Bank of America reported better-than-expected first-quarter results. A rise in fee income was partly offset by lower net interest income and elevated non-interest expenses. Shares of the American multinational investment bank and financial services holding company declined 2.9% to close at $38.74 on April 15.
Bank of America’s (BAC) 1Q earnings more than doubled to $0.86 per share on a year-over-year basis and topped the Street estimates of $0.66 per share. Total revenue inched up marginally to $22.8 billion and outpaced the consensus estimate of $22.13 billion.
Net interest income came in at $10.2 billion, down 16% year-over-year due to low interest rates, while non-interest income rose 19% to $12.6 billion, which reflects the impact of strong capital markets and elevated investment and brokerage income. Net interest yield was 1.68% in the quarter, down 65 basis points.
The provision for credit losses was a net benefit of $1.9 billion in the quarter, reflecting a net reserve release of $2.7 billion. Non-interest expenses surged 15% year-over-year to $15.5 billion.
Bank of America’s consumer banking segment recorded revenues of $8.1 billion, down 12% year-over-year, while revenues at the global wealth and investment management segment rose 1% to $5 billion. Additionally, the global banking division reported revenues of $4.6 billion, up 1% year-over-year, while revenues of $6.2 billion increased 19% at the global markets unit.
The company reported total loans and leases of $903.1 billion, down 14% from the prior-year quarter. Meanwhile, total deposits grew 19% to $1.88 trillion. (See Bank of America stock analysis on TipRanks)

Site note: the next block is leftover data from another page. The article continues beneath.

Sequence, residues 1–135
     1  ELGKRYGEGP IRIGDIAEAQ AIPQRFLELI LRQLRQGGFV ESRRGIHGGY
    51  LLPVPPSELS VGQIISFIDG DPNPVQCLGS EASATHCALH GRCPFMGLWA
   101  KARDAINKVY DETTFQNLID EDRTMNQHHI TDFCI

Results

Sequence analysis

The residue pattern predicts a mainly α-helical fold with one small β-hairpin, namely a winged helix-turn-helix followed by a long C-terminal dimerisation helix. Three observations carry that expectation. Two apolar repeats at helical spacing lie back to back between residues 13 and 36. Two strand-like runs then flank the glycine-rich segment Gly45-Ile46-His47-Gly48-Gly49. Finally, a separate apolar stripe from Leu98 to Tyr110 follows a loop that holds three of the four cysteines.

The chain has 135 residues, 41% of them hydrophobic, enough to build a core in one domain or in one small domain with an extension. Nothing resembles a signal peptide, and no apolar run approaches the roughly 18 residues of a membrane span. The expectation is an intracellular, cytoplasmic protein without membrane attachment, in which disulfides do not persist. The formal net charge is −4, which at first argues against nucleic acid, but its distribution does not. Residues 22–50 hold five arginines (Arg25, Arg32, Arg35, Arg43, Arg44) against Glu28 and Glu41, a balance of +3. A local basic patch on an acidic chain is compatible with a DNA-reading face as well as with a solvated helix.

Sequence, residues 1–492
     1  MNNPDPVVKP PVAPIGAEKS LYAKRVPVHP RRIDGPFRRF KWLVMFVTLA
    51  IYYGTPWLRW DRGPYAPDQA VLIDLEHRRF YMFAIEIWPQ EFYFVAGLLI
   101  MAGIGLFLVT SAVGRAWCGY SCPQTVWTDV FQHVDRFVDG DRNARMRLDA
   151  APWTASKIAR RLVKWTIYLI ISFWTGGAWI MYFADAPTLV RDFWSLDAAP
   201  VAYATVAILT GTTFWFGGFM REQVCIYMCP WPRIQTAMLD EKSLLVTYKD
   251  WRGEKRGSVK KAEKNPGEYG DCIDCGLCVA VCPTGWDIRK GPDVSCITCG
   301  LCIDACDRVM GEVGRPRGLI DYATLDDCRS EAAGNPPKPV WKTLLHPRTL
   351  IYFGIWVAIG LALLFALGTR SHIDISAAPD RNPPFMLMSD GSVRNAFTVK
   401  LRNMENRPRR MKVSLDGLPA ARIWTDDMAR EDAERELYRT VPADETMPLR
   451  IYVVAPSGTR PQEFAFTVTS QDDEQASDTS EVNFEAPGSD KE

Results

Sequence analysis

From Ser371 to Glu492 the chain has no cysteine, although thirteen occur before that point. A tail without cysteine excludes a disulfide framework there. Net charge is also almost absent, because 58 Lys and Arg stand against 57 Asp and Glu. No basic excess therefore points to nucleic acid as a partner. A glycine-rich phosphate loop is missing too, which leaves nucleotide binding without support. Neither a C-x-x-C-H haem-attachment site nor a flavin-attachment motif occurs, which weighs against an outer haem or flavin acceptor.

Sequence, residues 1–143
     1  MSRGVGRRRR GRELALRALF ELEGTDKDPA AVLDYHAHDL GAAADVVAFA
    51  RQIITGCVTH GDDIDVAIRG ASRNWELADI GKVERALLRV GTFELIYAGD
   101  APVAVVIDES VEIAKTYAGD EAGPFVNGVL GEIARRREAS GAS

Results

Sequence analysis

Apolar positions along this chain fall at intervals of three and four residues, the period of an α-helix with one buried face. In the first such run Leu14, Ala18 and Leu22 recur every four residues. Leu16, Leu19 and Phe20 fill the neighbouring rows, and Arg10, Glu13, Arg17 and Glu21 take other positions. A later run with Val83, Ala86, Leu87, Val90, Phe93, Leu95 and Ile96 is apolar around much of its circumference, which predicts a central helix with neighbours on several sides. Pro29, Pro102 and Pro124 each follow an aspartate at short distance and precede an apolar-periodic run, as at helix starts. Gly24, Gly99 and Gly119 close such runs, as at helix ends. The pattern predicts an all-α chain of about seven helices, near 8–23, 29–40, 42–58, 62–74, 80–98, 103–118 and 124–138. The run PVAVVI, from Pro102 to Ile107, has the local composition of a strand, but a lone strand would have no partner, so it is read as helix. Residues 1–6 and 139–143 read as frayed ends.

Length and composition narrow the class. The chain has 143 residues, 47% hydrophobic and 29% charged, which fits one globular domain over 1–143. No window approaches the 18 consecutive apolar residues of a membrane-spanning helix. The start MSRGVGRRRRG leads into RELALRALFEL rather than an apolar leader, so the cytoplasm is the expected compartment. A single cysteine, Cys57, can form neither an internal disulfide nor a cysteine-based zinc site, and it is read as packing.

Bank of America CEO Brian Moynihan commented, “While low interest rates continued to challenge revenue, credit costs improved and we believe that progress in the health crisis and the economy point to an accelerating recovery. The strength of our balance sheet, our complementary and diverse set of businesses, and our talented teammates position us to perform well in that environment.”
Additionally, the company announced a share repurchase program of up to $25 billion of common stock.
Following the 1Q results, Oppenheimer analyst Chris Kotowski increased the stock’s price target to $49 (26.5% upside potential) from $45 and maintained a Buy rating.
Kotowski said, “We tweaked up the ramp in NII in our model and increased 2Q21E market sensitive revenues to a level roughly in between ‘normalized’ 2Q19 and ‘elevated’ 2Q20…We also shaved 2021E NCO assumptions, though we left 2022E unchanged at ‘normalized’ levels, and boosted stock repurchase assumptions modestly. We continue to like the stock.”
The rest of the Street is cautiously optimistic about the stock with a Moderate Buy consensus rating based on 10 Buys, 3 Holds, and 1 Sell. The average analyst price target of $39.89 implies 3% upside potential to current levels. Shares have increased 80.9% over the past year.
Bank of America scores a 9 of 10 from TipRanks’ Smart Score rating system, indicating that the stock has strong potential to outperform market expectations.
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